Worley Blog

THE STATE OF LOGISTICS- 2019/2020

Posted on: July 20th, 2020 by Clifford F. Lynch

 

On June 23, the Council of Logistics Management Professionals (CSCMP) released the “31st Annual State of Logistics “report. This year’s report was entitled “Resilience Tested”, a reflection on the current conditions surrounding the Covid-19 pandemic The SOL report was launched in 1988, by the late Bob Delaney, one of the leading supply chain experts of that time; and after his death carried on by Rosalyn Wilson until 2016. Since that time A.T. Kearney has performed the research and published the results. The complete report can be found at www.cscmp.org, and is free to the members of the organization. Since non-members are charged $295 for the report, I wanted to publish a brief summary for those who might not see it.

As usual, the report summarized the costs and trends for last year; but the major theme centered around what is happening, and/or might happen because of the pandemic. 2019 business logistics costs totaled $1.63 trillion, or 7.6% of the Gross Distribution Product of $21.43 trillion. Expenditures were up .6% y/y and the percentage of GDP was down from last year’s 7.9%. At the same time GDP grew about 2.3%. Expenses for some categories were up, but there were some significant decreases, as well.

2019                                             y/y %

Motor Carriers                                    $680.4 B                                              3.0

Rail                                                            83.9                                                -1.4

Parcel                                                      114.4                                                 8.5

Airfreight                                                 75.2                                                 -9.7

Water                                                       47.9                                                 -3.1

Pipeline                                                    57.4                                                  9.5

Inventory Carrying Costs                    454. 6                                               – 4.6

Administration                                      116.1                                                  5.0

 

In 2019, Motor Carrier overcapacity resulted in lower rates, Shippers regained buying power, making up for the past few years when carriers were on the plus side of the equation.

 

Rail volume fell by 1.4% last year, due primarily to a decline in coal and intermodal shipments. While in recent years, rail carriers have increased their reliance on technology and focused more on productivity, ATK suggests they need a “growth model”.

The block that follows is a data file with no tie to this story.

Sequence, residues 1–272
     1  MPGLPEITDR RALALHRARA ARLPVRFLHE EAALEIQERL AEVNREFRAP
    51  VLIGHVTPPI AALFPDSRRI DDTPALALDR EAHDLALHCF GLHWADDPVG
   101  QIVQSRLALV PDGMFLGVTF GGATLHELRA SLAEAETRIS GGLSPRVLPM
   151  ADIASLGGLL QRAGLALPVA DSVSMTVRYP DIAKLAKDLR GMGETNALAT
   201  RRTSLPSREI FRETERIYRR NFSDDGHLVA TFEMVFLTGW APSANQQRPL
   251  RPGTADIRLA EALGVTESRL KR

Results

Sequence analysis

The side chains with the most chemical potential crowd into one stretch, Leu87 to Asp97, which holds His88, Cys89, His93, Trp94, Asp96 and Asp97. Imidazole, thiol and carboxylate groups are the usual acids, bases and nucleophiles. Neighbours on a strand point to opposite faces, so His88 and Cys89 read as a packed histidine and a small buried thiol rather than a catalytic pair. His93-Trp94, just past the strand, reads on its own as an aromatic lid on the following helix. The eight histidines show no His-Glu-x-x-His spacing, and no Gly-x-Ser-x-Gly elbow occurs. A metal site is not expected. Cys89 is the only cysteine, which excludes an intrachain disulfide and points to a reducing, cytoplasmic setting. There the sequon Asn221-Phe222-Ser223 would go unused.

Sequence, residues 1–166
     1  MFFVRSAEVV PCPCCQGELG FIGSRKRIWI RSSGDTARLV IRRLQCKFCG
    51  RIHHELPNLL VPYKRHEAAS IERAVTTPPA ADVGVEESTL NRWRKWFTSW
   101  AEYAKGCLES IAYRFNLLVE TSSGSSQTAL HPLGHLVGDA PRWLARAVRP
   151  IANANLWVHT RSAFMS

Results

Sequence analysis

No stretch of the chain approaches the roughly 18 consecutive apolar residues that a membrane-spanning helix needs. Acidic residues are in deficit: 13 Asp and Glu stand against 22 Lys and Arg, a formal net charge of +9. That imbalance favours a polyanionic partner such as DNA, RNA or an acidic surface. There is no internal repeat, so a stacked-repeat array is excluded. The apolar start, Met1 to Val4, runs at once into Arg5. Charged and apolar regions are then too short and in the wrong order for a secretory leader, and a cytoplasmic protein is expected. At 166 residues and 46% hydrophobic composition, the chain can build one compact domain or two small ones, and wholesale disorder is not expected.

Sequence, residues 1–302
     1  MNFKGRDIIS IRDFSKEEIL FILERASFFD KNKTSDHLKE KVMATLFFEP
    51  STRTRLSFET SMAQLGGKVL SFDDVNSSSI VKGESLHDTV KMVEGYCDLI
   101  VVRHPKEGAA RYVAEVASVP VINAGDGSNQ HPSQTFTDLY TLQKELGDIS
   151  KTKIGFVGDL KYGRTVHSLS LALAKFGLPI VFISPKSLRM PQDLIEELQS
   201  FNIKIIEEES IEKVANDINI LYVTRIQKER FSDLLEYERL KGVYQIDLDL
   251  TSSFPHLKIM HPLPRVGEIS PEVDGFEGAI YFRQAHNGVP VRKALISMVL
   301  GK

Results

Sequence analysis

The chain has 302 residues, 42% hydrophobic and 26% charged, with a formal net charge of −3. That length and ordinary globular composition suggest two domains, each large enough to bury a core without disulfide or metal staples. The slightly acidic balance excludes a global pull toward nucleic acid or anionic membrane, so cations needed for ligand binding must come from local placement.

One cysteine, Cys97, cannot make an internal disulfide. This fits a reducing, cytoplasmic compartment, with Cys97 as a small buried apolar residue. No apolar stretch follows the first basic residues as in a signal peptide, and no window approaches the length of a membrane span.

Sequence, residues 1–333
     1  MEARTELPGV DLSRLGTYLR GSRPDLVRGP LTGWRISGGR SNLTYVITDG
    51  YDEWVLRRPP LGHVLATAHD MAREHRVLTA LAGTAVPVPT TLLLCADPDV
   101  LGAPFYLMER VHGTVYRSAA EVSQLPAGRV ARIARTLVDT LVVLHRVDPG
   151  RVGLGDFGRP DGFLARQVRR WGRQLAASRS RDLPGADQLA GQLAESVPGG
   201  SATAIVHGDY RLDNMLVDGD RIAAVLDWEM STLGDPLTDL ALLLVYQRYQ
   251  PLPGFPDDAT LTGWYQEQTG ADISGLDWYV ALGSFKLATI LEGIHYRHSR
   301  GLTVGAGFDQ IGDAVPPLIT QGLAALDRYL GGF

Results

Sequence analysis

The Parcel sector grew 8.5% in 2019. Most of these expenditures were in support of increasing E Commerce volumes, up 15% in 2019, to $600 billion. Stay at home buying during the pandemic continues to drive these figures upward.

 

Airfreight was down 9.7%. The industry declined in 2019, as automakers (large airfreight shippers) cut back on production. This has been compounded by the pandemic as business has declined even further.

 

Water shipments were down in 2019, as shippers relied on inventories built in late 2018, to avoid new tariffs. There continues to be overcapacity as well. Even so, new container ships are being ordered.

 

2019 Pipeline expenses were up as a result of increases in domestic oil and gas production.

 

Inventory carrying costs were down 4.6%, in spite of a 6.6% increase in storage costs as warehouse capacity remained tight. This expense was more than offset however, by a 12.7% decrease in weighted average cost of capital.

 

Administrative costs were up, reflecting higher wages and a tightened labor market.

 

As far as 2020 is concerned, there is continuing uncertainty which no doubt will exist for the foreseeable future. Two thoughts stand out, however. Covid-19 has called attention to the value of logistics to the entire economy, as firms have had to adapt to rapidly changing conditions. Secondly, the report points out that we no longer can subscribe to a business model based on efficiency and cost, but must focus on resilience and flexibility in our supply chains. Practices and procedures of the past have become obsolete.

 

The ATK report was developed during an almost frantic period of supply chain management, and since the publication, conditions have continued to change. Already, the “reopening of the economy” has resulted in new cases of the virus, which may present even more logistics challenges. One thing that will not change however, is the need for resilience that ATK has emphasized in this report.